4. Basil: This herb is not only safe but can also be a tasty treat for your dog.
  5. Marigolds: These bright flowers are non-toxic and can help repel pests in your garden.

Tips for a Dog-Friendly Garden

To ensure your garden is a safe haven for your mini golden, consider these tips:

  • Research Before Planting: Always check if a plant is toxic to dogs before adding it to your garden or home.
  • Create a Safe Zone: Designate a specific area in your garden with only non-toxic plants where your dog can roam freely.
  • Supervise and Train: Keep an eye on your dog when they’re exploring new areas and train them to avoid chewing on plants.

Here is a list of some popular plant identification apps that you can use to identify plants, including those that are toxic to dogs. These apps are available for both iPhone and Android devices.

Plant Identification Apps

  1. PlantSnap
  • Platform: iOS, Android
  • Description: PlantSnap is a comprehensive plant identification app that can identify flowers, trees, succulents, mushrooms, and more. It boasts a database of over 600,000 plant species.
  1. PictureThis
  • Platform: iOS, Android
  • Description: PictureThis uses advanced AI to identify plants and offers detailed information about them. It also provides plant care tips and a plant disease identifier.
  1. PlantNet
  • Platform: iOS, Android
  • Description: PlantNet is a citizen science project that helps users identify plants through photos. It has a large database and is particularly strong in identifying wild plants.
  1. LeafSnap
  • Platform: iOS, Android
  • Description: LeafSnap uses visual recognition software to help identify tree species from photographs of their leaves. It was developed by researchers from Columbia University, the University of Maryland, and the Smithsonian Institution.
  1. iNaturalist
  • Platform: iOS, Android
  • Description: iNaturalist is a joint initiative by the California Academy of Sciences and the National Geographic Society. It helps users identify plants and animals and connects them with a community of naturalists.
  1. Seek by iNaturalist
  • Platform: iOS, Android
  • Description: Seek is a family-friendly app by iNaturalist that encourages exploration and learning about biodiversity. It uses image recognition technology to identify plants and animals.
  1. GardenAnswers Plant Identification
  • Platform: iOS, Android
  • Description: GardenAnswers allows users to snap a photo of a plant and get instant identification and detailed information. It also offers a Q&A feature for gardening questions.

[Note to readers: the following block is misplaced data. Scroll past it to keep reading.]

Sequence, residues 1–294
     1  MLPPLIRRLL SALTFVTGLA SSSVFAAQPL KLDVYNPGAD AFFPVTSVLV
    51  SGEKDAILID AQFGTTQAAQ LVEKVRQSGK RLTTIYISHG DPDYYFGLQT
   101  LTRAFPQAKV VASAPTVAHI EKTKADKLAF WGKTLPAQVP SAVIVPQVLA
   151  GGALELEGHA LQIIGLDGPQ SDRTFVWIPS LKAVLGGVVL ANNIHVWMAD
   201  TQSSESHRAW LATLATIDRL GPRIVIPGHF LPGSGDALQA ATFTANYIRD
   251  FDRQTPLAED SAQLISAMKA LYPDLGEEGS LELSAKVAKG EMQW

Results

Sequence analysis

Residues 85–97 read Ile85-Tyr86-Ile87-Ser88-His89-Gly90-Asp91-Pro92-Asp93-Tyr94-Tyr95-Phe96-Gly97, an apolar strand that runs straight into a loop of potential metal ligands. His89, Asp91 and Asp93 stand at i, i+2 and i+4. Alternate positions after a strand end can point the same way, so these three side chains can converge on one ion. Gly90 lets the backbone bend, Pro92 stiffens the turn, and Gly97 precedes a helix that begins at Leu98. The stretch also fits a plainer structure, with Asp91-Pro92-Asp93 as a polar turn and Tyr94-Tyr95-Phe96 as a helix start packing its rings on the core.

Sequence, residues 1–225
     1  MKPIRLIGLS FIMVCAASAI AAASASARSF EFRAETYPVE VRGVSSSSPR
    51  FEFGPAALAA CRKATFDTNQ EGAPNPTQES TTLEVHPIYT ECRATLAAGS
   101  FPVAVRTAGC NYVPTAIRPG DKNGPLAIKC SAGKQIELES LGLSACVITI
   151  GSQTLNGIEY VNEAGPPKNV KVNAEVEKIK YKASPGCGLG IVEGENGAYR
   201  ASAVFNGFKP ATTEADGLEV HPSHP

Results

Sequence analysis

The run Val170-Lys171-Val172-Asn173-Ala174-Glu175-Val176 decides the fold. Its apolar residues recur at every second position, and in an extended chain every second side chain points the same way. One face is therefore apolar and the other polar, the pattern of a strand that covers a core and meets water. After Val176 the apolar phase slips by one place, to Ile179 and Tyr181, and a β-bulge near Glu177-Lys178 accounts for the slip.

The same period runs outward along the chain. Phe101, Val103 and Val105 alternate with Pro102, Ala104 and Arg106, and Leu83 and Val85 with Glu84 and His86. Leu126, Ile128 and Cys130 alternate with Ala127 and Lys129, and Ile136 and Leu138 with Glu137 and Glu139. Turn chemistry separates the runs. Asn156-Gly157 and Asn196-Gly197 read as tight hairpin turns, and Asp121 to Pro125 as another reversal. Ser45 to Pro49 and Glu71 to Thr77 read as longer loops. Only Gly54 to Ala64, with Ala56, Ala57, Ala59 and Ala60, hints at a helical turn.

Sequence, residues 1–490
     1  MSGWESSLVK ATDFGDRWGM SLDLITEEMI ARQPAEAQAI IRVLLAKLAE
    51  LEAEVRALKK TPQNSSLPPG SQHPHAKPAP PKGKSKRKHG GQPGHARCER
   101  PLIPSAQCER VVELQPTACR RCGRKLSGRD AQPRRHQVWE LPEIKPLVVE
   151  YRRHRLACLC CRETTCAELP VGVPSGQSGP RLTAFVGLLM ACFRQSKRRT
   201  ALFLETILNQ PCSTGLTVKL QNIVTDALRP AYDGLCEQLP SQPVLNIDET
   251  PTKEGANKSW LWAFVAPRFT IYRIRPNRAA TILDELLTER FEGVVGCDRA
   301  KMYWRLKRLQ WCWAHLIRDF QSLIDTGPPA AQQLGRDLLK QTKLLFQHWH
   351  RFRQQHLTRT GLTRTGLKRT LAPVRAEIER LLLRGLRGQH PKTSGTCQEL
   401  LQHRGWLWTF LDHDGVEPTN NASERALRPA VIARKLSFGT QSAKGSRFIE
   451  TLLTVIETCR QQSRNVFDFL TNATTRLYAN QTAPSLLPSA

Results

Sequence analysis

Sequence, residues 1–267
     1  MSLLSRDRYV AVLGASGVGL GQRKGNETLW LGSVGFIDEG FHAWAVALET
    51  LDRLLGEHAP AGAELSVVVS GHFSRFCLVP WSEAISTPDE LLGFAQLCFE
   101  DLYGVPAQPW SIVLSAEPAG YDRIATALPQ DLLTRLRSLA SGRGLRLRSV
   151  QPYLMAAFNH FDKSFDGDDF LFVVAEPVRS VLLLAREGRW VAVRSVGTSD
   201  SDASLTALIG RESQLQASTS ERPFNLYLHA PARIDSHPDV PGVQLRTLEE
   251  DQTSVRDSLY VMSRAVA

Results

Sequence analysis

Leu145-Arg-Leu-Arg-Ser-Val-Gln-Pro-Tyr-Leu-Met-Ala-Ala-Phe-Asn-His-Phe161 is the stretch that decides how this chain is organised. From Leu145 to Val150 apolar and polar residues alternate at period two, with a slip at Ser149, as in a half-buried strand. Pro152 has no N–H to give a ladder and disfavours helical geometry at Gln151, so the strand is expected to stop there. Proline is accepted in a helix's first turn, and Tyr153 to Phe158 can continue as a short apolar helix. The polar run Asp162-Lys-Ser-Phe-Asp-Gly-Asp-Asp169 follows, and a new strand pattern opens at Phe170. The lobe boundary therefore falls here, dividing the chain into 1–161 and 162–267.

1. Plant Identification ++
  • Platform: iOS
  • Description: This app is designed for iPhone users and offers plant identification along with detailed descriptions, care tips, and a plant diary feature.
  1. Flora Incognita
  • Platform: iOS, Android
  • Description: Flora Incognita is a free app that uses AI to identify plants. It is particularly strong in identifying European flora and offers detailed species information.
  1. Plantix
    • Platform: iOS, Android
    • Description: Plantix is primarily a plant disease diagnostic app, but it also offers plant identification features. It is particularly useful for gardeners and farmers.

These plant identification apps can be incredibly useful tools for identifying plants in your home, garden, or while out exploring nature. They can help you ensure that the plants around your pets are safe and non-toxic. Always cross-reference the information you get from these apps with reliable sources, especially when it comes to plant toxicity.

Don’t fret if yo find something in the yard that you don’t want to part with. There are other ways of keeping your dog safe.

We use easy to install fencing to keep our puppies and dogs out of our plants and flower gardens. On some of our raised beds and pots we like to use the 24” tall fencing that is rust proof and helps keep adult and puppies out alike.

On our garden beds that are on ground level we like to use a taller fencing that can keep even our pure bred golden out of and she is a big girl. 32 inch tall garden fencing that is rust proof and easy to install.

At Robyn’s Nest Mini Goldens, the safety and well-being of our furry friends are our top priorities. By being mindful of the plants in your home and garden, you can create a safe and beautiful environment for your mini golden to enjoy.

Do you have any tips or experiences with dog-safe gardening? Share them in the comments below! And as always, feel free to reach out with any questions or concerns about your mini golden retriever.

Happy gardening!

Warm regards,
The Robyn’s Nest Mini Goldens Team